Terror threat shuts down Asian summit, say sources
The threat of a possible terrorist attack was the main reason for postponing a South-east Asian summit due to start on Sunday on the Philippine island of Cebu, foreign ministry sources said.
The Philippines government earlier blamed a building tropical storm in the Pacific for calling off the summit, the first such cancellation in the history of the Association of South-east Asian Nations (Asean).
It came a day after Australia, Britain, the United States and other nations issued a warning about Cebu due to threats of a terrorist attack. Australia said attack plans were in the “final stages”.
“The threat of a terrorist attack was one part and the other part was the political situation in Manila,” said one of the sources at the foreign ministry, confirming an earlier report in the Philippine media.
President Gloria Arroyo had hoped that the annual summit of the 10-nation Asean bloc would be a success for her beleaguered administration, and her government repeatedly insisted the security situation was under control.
But the Asean summit and a wider East Asia meeting of regional leaders including Japan and Australia, both supporters of the US-led “war on terror”, was postponed by her government on Friday.
Officials blamed a looming storm headed toward Cebu, the resort-studded island where political leaders and top diplomats were due to hold days of talks on everything from the fight against terror to a regional free-trade zone.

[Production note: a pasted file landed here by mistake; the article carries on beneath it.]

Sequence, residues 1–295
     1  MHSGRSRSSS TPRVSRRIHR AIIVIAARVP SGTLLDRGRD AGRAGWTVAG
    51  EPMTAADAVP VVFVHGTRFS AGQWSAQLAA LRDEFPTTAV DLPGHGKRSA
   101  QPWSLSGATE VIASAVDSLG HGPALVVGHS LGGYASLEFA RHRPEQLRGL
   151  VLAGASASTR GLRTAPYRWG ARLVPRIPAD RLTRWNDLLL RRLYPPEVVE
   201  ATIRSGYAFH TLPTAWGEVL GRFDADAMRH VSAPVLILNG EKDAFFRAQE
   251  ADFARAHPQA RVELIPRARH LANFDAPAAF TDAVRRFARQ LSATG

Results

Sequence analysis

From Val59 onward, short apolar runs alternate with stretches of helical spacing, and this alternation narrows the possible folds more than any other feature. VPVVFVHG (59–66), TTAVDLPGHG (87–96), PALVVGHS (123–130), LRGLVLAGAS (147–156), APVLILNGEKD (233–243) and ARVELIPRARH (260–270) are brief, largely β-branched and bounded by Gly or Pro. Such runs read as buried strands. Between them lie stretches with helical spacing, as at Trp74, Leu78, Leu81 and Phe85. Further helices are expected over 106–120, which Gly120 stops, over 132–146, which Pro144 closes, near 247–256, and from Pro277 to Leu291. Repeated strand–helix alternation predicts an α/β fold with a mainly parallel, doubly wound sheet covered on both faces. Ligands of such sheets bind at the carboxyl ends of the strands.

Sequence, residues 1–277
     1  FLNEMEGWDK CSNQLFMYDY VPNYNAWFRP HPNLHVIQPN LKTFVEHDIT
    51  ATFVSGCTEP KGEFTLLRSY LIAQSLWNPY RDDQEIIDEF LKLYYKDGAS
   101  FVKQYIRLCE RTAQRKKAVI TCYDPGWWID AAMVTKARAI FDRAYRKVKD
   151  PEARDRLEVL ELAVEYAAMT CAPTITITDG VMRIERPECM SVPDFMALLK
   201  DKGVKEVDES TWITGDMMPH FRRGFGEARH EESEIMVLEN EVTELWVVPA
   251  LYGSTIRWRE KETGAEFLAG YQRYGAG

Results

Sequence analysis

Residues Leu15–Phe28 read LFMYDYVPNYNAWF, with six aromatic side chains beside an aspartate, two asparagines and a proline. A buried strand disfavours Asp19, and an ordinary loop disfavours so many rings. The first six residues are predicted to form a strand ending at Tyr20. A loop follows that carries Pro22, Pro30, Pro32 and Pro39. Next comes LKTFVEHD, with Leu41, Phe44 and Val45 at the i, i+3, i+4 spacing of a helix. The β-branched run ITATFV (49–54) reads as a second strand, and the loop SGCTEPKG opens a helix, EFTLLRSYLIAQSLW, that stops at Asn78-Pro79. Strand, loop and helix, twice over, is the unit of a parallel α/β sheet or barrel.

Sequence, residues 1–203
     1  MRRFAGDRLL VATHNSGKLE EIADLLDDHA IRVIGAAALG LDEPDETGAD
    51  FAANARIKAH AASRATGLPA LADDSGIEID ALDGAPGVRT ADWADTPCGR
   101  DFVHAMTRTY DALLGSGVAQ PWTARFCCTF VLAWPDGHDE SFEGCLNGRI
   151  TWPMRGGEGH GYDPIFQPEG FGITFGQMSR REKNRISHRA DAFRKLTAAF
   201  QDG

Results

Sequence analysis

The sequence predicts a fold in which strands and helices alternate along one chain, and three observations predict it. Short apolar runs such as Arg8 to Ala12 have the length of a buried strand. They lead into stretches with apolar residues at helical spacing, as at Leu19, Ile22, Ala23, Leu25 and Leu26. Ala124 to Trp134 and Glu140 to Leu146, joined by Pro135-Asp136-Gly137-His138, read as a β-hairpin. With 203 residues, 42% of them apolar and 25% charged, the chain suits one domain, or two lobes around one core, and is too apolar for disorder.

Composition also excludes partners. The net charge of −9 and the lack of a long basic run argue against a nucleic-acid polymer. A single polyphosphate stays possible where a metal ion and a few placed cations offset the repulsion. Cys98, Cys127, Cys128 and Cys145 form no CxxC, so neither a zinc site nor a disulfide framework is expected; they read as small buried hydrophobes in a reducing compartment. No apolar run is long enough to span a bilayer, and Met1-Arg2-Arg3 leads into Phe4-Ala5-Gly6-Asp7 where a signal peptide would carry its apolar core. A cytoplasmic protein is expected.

Many were immediately sceptical of that announcement, noting that Tropical Storm Utor had not yet developed into a typhoon, was unlikely to hit Cebu City directly and was not especially strong on Friday.
Two sources at the Philippine foreign ministry said the summit had been postponed due to a “terrorist threat” but did not elaborate.
Just before Friday’s postponement was announced, an official of the justice department’s National Bureau of Investigation (NBI) told reporters that police had been put on alert for a possible threat to Cebu’s water supply.
The official, who spoke openly with reporters but declined to be named, said there were fears that two chemical spills earlier this month may have been test runs for an attack on Cebu’s water source.
Officials from Asean member Indonesia said their delegation would be flown out of Cebu on Saturday on a special flight.
Diplomats said they expected some of the ministerial meetings to go ahead as scheduled but that a reduced programme was expected.
The postponement comes at a time of heightened political tension in Manila over the government’s plans to amend the Philippine constitution.—AFP.